A group of Egyptian architects won a competition to rebuild the Great Al-Nuri Mosque in Mosul, four years after it was destroyed by ISIS militants.
ISIS members blew up the 12th-century mosque in June 2017, as government forces moved to retake the city.
Three years before that, the leader of the organization, Abu Bakr al-Baghdadi, declared a “caliphate” from the famous mosque.
The reconstruction is part of the United Nations project to “revive the spirit of Mosul”.
The eight Egyptian architects and their design “Courtyards Dialog” (Arabic for dialogue of courtyards) were chosen from among the 123 designs that participated in a competition to win the project.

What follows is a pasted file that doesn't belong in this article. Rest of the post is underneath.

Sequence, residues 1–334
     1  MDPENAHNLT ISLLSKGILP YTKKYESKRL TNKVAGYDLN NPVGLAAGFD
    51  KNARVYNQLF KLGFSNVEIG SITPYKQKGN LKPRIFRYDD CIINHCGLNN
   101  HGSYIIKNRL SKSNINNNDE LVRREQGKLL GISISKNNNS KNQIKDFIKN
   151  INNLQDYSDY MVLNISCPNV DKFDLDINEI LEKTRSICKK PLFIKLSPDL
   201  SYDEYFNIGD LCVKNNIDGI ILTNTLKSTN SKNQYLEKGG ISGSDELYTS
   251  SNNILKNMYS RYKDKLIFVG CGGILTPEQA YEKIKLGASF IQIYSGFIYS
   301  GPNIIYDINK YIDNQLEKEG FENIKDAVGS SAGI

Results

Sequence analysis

The battle for Mosul lasted nearly 9 months, and most of the city was in ruins. Thousands of civilians have been killed and more than 900,000 people displaced.
Audrey Azoulay, who heads the United Nations Educational, Scientific and Cultural Agency, “UNESCO”, said that the mosque’s reconstruction “will be a milestone in the reconciliation process in the war-torn city.”
“While the prayer hall will look the same as it was before the destruction, there will be significant changes, including the use of natural light and expanded spaces for women and dignitaries,” UNESCO said in a statement.
The Great Mosque was named after Nur al-Din Mahmud Zangi – famous for the unification of Islamic forces against the Christian Crusaders – who ordered its construction in 1172.
The building was famous for its leaning minaret, nicknamed “the humpback”, and it was severely damaged during the battle for Mosul.
Reconstruction will begin later this year.